If you need to fix something close to the edge of a brick or stone because you intend to hang a gate or add a small fixing, anchors that expand can cause strength-ruining splits and cracks in the masonry. If the structure is subject to dynamic loads, vibration or wind, then chemical anchoring is preferable over mechanical anchoring.
Using anchors and fixings is all about getting the most secure fitting possible and sometimes the only way to ensure the surface stays intact is to using chemical resin.
Because it doesn’t expand or risk splitting/cracking, chemical resin anchors can also be used in weaker masonry that might crumble under the expansion of sleeve anchors and screw threads.
There are lots of benefits of using chemical resin anchors as they are more than capable of holding massive loads and their application can be fairly quick. However, correct preparation for fitting chemical resin anchors is essential.
How to use Chemical Resin Anchors
To use chemical resin and anchors together, ensure that you make an appropriate hole as recommended by the manufacturer’s catalogue in terms of diameter, depth and spacing.
If your drilled holes are likely to have voids (frequent in hollow blocks or bricks), you’ll need resin injection anchor sleeves to control the flow of resin and provide a secure fix to the substrate.
- Remove any loose material from the hole to get the best hold against a debris-free surface. Use a resin hole brush to do this.
- Also use a tube to blow air into the hole to get rid of more debris.
- Using an applicator gun, inject the resin into the hole.
It is important to make sure it’s mixing properly before you inject it into the holes. It’s advised to let some out first to allow it to mix.
Always ensure that the nozzle width and length are correct, and make sure to slowly withdraw the nozzle, so trapped air pockets don’t happen.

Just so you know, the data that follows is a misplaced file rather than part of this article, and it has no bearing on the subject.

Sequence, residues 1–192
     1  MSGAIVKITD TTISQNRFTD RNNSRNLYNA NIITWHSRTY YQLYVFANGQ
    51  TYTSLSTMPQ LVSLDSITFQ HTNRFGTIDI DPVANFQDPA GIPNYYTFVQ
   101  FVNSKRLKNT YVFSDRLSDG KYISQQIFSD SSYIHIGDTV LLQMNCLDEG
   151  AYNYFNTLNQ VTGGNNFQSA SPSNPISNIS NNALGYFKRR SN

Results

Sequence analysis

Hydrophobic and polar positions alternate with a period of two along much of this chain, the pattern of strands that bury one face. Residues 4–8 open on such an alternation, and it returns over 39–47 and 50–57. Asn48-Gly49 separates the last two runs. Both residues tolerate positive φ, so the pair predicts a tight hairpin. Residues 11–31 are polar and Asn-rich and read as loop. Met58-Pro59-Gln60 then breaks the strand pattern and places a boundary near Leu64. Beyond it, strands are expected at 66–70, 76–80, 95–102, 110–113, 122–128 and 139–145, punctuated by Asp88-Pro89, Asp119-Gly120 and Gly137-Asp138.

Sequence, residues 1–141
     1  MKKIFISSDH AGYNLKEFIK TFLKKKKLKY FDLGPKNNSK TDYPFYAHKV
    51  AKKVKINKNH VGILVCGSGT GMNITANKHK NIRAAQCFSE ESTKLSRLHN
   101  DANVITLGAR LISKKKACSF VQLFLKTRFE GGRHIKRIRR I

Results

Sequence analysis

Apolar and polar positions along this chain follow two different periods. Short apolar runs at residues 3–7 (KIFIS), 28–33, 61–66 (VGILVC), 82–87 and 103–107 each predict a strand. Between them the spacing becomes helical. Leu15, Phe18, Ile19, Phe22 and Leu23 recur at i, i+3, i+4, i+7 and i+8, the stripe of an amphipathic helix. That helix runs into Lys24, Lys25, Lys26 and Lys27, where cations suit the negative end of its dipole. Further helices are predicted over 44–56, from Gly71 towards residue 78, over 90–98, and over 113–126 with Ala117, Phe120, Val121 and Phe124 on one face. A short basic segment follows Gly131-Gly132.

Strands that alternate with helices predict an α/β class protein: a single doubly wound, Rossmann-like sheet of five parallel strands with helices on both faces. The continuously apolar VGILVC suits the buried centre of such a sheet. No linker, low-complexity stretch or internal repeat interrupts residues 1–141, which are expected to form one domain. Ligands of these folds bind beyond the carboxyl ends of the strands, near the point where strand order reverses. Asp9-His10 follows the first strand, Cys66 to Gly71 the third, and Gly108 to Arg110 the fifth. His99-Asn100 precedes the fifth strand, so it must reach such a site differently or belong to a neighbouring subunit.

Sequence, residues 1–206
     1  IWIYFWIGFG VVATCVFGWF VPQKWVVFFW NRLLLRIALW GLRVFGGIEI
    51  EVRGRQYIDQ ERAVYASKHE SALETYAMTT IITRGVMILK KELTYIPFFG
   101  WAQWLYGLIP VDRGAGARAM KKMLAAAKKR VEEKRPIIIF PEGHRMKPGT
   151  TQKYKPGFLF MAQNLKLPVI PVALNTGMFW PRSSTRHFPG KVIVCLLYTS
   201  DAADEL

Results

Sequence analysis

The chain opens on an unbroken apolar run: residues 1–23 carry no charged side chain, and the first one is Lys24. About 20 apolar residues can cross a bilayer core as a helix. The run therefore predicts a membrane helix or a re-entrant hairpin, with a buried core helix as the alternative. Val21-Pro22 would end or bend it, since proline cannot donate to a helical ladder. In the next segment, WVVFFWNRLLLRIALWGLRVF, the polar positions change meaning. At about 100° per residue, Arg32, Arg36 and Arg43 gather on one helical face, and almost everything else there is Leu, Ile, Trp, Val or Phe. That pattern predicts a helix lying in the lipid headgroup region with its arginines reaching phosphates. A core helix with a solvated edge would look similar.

For deeper holes use a resin nozzle extension tube on the end of a mixer nozzle.
- In general filling about 70% of the hole will suffice to get complete coverage.
- As you push the stud in the hole, twist it a few times to break any air bubbles up. It also pushes the resin into any voids in the hole.
If the stud keeps pushing itself back out it may need a few more twists. All the threads should have an even covering.
- Once all the studs are in, you’ll have to leave them alone. How long this takes will depend on the brand of resin as well as the temperature. Resin tubes will have a guide on the label: a gel time and full cure time. Don’t load the studs until the full cure time.
The adhesive bond strength is reduced at elevated temperatures and may also be adversely affected by some chemicals.
ANCHOR BOLT DESIGN
Anchor bolts are used as a means of tying structural elements together in construction and therefore, provide continuity in the overall structure. In virtually all applications, anchor bolts are required to resist a combination of tension and shear loads acting simultaneously due to combinations of imposed dead loads, live loads, wind loads, seismic loads, thermal loads and impact loads. For this reason, and also to insure safety, anchor bolt details should receive the same design considerations as would any other structural connection.
This very useful free anchor design application can be downloaded from the below link.
Considerations for Brick Masonry.
There are several considerations that should be examined when contemplating the use of expansion-type anchors in brick masonry. These are:
1) Expansion anchors should not be used to resist vibratory loads. Vibratory loads tend to loosen expansion anchors.
2) Specific torques are required to set expansion anchors. Excessive torque can reduce anchor strength or may lead to failure as excessive torque is applied.
3) Expansion anchors require solid, hard embedment material to develop their maximum capacities. Some brick construction may not provide a good embedment material due to voids formed by brick cores and partially filled mortar joints.
Considerations for Torque controlled anchors
Expansion anchors must be torqued per the values provided in the Manufacturer’s Printed Installation Instructions (MPII) to properly expand the wedges and clamp the fixture. Under-torquing results in under-expansion of the wedges, which reduces the amount of clamping developed. Once pre-load/clamping is removed from an under-torqued expansion anchor subjected to tensile loading, the anchor will displace, resulting in follow-up wedge expansion and lift-off of the fixture.
Anchor Selection Guide